Basic grant writing tips:
• Trust your project and your grant writer, if you have one.
• If you’re working alone, read the program requirements and keep them in mind at all times when writing your application.
• Your work is part of a living ecosystem: it has roots and will connect and impact others. Try to articulate this.
• Your work is part of a living history: it has a past, a present and a future. Try to contextualize the nature of your work in accessible terms that reflect the instruments, materials and forms which define your practice.
• Even though you really like your own creative way of speaking, you may wish to try to imagine that your writing is to be understood by an artist of another discipline who has a cursory knowledge of yours.
• Before thinking you’re done, go through the program requirements again and ask yourself if you’ve thoroughly laid out the steps to accomplishing the project and shown that you have the skills to pull it off, or will be working towards acquiring them with the help of citable professionals in your field.
• Your work has an impact and comes from a desire to create. Those impulses deserve assistance, so don’t be afraid to believe in that when articulating the defence and impact of your project.
• Stay tidy, grammatically correct and concise!
• Have a friend or colleague read it over.
• Ask questions to the funding bodies! Even if you think you’re being annoying, curiosity demonstrates interest. Openness to feedback will improve the final result.
• It’s free money, so if you don’t get it, keep trying.
• Take it one step at a time: get in the system, build your profile, press, and team (in some cases).
• Make sure your support materials are well recorded or documented. This matters so much.
Get what you pay for
Grant writers aren’t managers. A manager will help you develop your career goals and strategies. Grant writers can channel those into funding applications. That line can feel blurry and it is. Check in with your grant writer about this
Grant writers will have several pay schemes. Talk about money right away. It’s best to know what you’re getting into. No one is really good at talking about it at the start, but if we respect our own work and respect others’, then this conversation will be a lot easier. Some grant writers will have set rates that are based on a combination of factors, experience and ability being the most important. Their success rate will vary based on how complementary your music or art is with the program you’re applying for. A great grant writer will be able to dissuade you from pursuing an ill-fitting goal.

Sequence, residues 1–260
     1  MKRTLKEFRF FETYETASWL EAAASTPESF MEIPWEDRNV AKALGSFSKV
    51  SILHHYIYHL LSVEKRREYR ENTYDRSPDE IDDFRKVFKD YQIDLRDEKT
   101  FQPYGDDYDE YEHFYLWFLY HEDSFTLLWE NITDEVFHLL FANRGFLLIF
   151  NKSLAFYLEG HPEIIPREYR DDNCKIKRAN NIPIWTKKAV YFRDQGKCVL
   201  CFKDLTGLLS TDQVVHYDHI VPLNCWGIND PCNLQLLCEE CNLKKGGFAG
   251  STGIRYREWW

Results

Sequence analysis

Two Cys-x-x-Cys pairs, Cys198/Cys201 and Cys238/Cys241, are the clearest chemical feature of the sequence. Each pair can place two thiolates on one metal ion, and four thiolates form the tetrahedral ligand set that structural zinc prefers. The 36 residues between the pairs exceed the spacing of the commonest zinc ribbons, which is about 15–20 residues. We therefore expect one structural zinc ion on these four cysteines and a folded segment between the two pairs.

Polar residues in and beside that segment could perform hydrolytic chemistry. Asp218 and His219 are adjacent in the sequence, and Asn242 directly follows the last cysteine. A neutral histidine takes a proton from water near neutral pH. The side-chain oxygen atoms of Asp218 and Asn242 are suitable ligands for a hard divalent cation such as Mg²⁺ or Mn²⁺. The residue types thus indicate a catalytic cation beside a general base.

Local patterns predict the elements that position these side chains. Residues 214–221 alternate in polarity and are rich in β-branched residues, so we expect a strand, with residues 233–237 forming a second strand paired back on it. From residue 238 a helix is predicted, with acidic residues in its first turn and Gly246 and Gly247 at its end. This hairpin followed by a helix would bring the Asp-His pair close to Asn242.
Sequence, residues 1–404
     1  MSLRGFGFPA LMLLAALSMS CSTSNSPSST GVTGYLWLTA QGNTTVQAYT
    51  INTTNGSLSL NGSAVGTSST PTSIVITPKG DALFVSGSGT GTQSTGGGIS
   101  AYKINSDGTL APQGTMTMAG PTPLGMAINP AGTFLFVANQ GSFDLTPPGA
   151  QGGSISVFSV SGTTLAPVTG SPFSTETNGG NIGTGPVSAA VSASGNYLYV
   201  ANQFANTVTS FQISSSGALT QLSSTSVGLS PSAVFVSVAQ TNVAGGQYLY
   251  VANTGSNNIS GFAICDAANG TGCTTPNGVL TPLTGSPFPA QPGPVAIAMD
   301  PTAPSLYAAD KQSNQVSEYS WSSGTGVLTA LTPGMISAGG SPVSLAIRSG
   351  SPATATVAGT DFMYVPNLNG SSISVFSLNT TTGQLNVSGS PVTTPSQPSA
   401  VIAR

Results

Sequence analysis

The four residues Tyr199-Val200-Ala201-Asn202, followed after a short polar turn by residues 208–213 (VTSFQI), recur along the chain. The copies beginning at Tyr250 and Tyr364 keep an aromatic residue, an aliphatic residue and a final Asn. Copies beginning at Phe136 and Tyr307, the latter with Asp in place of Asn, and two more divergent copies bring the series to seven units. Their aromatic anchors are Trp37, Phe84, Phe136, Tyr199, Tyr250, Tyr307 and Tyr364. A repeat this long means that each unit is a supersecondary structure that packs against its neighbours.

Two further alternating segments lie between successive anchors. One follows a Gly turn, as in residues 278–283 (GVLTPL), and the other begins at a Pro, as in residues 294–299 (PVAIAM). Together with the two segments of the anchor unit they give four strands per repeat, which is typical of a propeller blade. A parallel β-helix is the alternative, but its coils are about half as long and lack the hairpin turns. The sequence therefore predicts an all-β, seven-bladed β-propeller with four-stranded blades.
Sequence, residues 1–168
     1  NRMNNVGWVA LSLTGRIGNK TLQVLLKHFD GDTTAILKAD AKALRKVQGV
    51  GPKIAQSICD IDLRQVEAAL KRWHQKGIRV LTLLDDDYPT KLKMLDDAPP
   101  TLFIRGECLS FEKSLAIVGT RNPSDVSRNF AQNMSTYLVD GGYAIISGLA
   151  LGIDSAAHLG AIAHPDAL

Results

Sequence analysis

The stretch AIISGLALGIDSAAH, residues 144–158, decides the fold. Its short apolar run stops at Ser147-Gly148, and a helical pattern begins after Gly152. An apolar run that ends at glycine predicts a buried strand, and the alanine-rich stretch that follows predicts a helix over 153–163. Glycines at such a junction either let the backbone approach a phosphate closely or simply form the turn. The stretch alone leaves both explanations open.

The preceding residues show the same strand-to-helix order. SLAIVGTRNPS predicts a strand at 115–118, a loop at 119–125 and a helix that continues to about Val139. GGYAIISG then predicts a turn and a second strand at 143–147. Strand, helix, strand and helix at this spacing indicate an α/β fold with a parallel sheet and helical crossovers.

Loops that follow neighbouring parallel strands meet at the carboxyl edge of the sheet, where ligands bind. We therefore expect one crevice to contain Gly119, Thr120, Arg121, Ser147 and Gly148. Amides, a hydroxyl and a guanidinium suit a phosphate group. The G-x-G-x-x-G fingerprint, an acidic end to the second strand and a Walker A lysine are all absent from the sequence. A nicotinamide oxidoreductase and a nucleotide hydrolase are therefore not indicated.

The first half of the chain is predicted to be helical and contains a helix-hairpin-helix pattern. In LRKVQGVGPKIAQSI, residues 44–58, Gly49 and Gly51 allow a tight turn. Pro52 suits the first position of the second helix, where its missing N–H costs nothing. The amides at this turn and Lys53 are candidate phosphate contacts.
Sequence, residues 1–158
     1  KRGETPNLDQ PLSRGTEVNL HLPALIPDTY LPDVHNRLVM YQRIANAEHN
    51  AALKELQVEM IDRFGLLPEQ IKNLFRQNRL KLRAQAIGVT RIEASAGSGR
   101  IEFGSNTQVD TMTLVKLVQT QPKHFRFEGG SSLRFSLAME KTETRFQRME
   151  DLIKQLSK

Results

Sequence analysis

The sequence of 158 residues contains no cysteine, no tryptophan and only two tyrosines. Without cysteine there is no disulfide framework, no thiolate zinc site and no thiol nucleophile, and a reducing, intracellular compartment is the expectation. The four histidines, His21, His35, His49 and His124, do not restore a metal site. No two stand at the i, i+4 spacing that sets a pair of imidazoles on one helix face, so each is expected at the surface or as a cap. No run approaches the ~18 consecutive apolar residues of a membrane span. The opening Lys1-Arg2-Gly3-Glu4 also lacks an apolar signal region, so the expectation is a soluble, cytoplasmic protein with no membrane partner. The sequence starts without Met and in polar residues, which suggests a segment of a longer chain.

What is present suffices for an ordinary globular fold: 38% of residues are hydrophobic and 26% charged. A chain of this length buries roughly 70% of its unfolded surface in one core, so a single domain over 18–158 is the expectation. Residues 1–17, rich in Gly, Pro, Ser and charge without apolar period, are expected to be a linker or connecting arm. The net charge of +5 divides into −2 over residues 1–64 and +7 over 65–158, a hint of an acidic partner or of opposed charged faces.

If you wish for your grant writer to liaise with the funding body on your behalf, you must make that clear from the start.
Your grant writer may not necessarily be able to help you with come aspects of your budget. You know your project best. If you’re working on a creation project, the budget you’re seeking from a funder will be heavily dependent on the program’s expense guidelines. Make sure that you understand these or that you have a thorough conversation with your grant writer about these.
The rest is up to your art. And people like your PR support, local bookers and venue folks.
http://www.artere.qc.ca for searching grants by discipline
Recommended grant writers:
Melanie Turner: firstname.lastname@example.org - Music, Arts Organizations - ENGLISH
Christopher Willes: Christopher.email@example.com - Music, Media Arts, Visual Artists - ENGLISH
Pierre B. Gourde: firstname.lastname@example.org - Music (Franco; Musicaction/SODEC) - FRENCH
Pablo Rodriguez: http://www.pablo-rodriguez.ca/ - Visual Arts, Arts Organizations - ENGLISH
Edwin Janzen: www.janzencopywriting.com - Visual Arts - ENGLISH
Marie-Douce Saint-Jacques: email@example.com - Visual Arts, Cinema, Arts Organizations - FRENCH